Good apple pies are a considerable part of our domestic happiness.
Recipe source: David / Daniele
Today I want to share a very special recipe for classic French apple tart. This is a simple, elegant dessert where the fruit really shines – it has only a few ingredients, and little to no refined sugar. The basic recipe lends itself to a lot of creativity, with all kinds of options for jam and fruit. I really like apples because they’re not so juicy that they make the crust soggy. And since Fall is apple season, they’re plentiful!
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But before we bake…
Besides the obvious – deliciousness – I have another reason to get your mind on pie: the Mama’s Pie in the Sky Bake Sale.
If you live in San Diego, this annual fundraiser is just the thing to round out your Thanksgiving meal! Skip the Vons bakery and help out a good cause.
From the press release:
Dozens of San Diego County top chefs, caterers and bakers will lovingly prepare thousands of pies to raise much-needed funds for Mama’s Kitchen. The Mama’s Pie in the Sky Bake Sale is a Thanksgiving tradition, and is considered to be the west coast’s largest bake sale. Each $20 pie provides more than six home-delivered meals to a neighbor struggling with a critical illness such as cancer or HIV/AIDS.
All proceeds from pie sales go directly into funding thousands of free, hot and nutritious Mama’s Kitchen meals, which help ensure that no one living with AIDS or cancer will go hungry in the San Diego community.
Mama’s Kitchen hopes to sell more than 6,250 pies before Nov. 20, which will raise $125,000 and fund nearly 40,000 meals. With the rising cost of food purchased to prepare the meals delivered by volunteers to hundreds of men, women and children in San Diego County, the funds raised through the Mama’s Pie in the Sky fundraiser are needed more than ever.
Here’s how Mama’s Pie in the Sky works:
1. Visit www.mamaspies.org to purchase the Thanksgiving pies of your choice: apple, pumpkin, pecan, or no sugar added apple pies. If you have a friend or colleague selling pies, choose their name. Otherwise you can just purchase from Mama’s Kitchen directly.
2. Select a convenient pick-up location. The pies will be available for pick-up at one of 19 Wells Fargo Bank branches throughout San Diego County or at Mama’s Kitchen, located at 3960 Home Avenue, San Diego, Calif. 92115.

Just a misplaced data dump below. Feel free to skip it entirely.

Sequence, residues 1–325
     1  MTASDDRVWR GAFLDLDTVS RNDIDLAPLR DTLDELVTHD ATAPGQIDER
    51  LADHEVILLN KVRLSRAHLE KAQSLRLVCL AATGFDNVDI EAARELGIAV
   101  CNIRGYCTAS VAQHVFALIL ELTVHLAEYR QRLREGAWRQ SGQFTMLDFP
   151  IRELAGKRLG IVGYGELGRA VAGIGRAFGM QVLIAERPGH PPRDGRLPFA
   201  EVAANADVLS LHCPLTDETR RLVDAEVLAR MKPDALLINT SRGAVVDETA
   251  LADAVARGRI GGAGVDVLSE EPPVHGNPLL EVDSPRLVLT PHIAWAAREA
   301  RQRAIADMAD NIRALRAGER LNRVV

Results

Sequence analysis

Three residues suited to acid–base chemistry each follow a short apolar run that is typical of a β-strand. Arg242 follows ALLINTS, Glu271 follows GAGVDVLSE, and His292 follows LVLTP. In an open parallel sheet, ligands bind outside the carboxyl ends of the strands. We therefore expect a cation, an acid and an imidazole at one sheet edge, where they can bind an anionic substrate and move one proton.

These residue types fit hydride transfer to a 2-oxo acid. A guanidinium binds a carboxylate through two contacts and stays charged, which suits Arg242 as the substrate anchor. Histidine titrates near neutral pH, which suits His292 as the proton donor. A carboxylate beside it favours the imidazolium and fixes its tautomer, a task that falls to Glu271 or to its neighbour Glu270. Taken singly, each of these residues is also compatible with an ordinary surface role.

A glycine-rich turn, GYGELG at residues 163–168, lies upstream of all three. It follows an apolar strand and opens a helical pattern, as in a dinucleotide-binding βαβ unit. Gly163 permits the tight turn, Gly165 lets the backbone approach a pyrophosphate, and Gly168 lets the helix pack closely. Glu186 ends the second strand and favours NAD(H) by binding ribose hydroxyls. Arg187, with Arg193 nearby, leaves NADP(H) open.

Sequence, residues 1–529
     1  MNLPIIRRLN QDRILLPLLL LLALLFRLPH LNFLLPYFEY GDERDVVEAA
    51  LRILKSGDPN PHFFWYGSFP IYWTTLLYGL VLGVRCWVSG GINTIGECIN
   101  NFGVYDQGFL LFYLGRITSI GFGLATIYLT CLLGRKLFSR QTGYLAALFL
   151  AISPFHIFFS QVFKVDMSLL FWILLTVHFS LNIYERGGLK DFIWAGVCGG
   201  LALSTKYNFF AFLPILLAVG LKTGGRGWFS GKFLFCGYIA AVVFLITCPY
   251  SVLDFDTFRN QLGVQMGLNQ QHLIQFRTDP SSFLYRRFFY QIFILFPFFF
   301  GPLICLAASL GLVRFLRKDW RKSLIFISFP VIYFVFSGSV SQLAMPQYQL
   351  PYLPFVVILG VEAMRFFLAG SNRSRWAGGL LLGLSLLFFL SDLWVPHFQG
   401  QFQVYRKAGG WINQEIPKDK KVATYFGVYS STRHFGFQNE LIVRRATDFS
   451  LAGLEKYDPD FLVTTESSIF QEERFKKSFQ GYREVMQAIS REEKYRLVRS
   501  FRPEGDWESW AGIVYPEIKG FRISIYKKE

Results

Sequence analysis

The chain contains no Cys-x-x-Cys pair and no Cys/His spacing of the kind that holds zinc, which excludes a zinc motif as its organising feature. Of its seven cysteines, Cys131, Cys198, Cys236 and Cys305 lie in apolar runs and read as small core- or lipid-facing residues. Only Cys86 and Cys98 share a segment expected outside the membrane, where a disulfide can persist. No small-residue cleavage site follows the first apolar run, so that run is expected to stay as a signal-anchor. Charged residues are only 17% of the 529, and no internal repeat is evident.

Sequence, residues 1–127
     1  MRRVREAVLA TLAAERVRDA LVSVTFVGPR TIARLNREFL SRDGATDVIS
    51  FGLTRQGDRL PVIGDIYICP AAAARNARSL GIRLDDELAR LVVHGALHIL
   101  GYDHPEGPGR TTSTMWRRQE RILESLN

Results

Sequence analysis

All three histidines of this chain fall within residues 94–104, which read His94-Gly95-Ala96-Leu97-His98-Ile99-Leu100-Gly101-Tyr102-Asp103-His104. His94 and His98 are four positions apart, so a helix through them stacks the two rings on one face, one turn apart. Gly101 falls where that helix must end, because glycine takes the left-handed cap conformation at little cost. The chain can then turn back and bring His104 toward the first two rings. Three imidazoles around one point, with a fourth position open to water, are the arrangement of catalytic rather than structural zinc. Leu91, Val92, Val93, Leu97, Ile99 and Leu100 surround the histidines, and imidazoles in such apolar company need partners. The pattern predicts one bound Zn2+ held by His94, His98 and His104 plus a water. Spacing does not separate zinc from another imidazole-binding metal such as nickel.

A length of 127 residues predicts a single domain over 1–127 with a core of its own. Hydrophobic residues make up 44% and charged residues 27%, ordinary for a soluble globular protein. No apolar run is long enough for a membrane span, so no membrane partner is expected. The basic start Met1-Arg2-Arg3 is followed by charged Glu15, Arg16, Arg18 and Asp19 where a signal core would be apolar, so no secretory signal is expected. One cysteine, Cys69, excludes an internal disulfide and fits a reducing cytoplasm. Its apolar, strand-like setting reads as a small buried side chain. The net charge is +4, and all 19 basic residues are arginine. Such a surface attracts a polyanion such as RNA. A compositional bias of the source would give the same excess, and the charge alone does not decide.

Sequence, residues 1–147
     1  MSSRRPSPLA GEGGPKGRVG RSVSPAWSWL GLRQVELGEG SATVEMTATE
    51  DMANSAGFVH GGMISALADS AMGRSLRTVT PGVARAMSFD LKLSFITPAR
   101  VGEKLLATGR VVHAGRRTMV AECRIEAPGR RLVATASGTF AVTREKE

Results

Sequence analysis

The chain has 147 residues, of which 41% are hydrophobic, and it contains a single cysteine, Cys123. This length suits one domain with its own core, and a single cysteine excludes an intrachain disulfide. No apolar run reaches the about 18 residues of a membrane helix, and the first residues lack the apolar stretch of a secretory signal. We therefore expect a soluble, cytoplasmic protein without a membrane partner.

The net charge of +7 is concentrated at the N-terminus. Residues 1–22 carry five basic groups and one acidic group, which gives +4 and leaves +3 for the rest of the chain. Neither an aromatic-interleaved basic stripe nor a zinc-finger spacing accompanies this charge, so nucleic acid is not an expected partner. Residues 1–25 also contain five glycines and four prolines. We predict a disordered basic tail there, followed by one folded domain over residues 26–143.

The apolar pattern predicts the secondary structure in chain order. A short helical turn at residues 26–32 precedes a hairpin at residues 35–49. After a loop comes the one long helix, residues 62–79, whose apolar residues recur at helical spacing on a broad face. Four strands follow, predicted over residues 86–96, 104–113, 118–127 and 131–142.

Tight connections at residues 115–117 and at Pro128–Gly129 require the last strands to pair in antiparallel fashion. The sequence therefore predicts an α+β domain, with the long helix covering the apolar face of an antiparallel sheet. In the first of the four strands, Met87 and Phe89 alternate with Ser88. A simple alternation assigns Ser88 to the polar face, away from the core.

3. Go to the location you selected on Wed., Nov. 23 between 10 a.m. and 4 p.m. to pick up your pie(s) from one of our volunteers. When you open your pie, you’ll discover what baker prepared your pie.
4. To purchase a pie that will be hand-delivered to Mama’s Kitchen’s clients on Thanksgiving morning, select the “Love-A-Client” option. For every “Love-A-Client” pie purchased, the donor will receive an entry to win a 64MB iPad2.
There is still time to sell pies this year. Mama’s Kitchen is looking for individuals and groups to form teams to sell pies before Nov. 20. Volunteers also have opportunities to win prizes from generous sponsors. To sign up to sell pies, visit www.mamaspies.org.
But don’t just take my word for it! Here’s a little message from Sam “The Cooking Guy” Zien and Elizabeth Harris of Elizabethan Desserts –
The last day to purchase the handcrafted pies is Nov. 20, 2011. Fifteen dollars from each $20 pie sale is tax-deductible. Pies can be purchased online at www.mamaspies.org or by calling (619) 233-6262.
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OK! Back to the blog…
If you’ve been reading this blog for a while, you might know that I’m a big fan of homemade pastry crust. That is largely thanks to David, who taught me this recipe. So I thought it would be appropriate to pass on a few crust-making tips from the pro:
The perfect weights for this pastry dough are 200 grams of all-purpose flour, 100 grams of cold unsalted butter, and 100 grams of ice-cold water. This will make crust for an 11-inch tart. But if you insist on cheating, this was about 2 cups + 3 tablespoons flour, 1/2 cup minus 1 tablespoon butter, and just under 1/2 cup of water.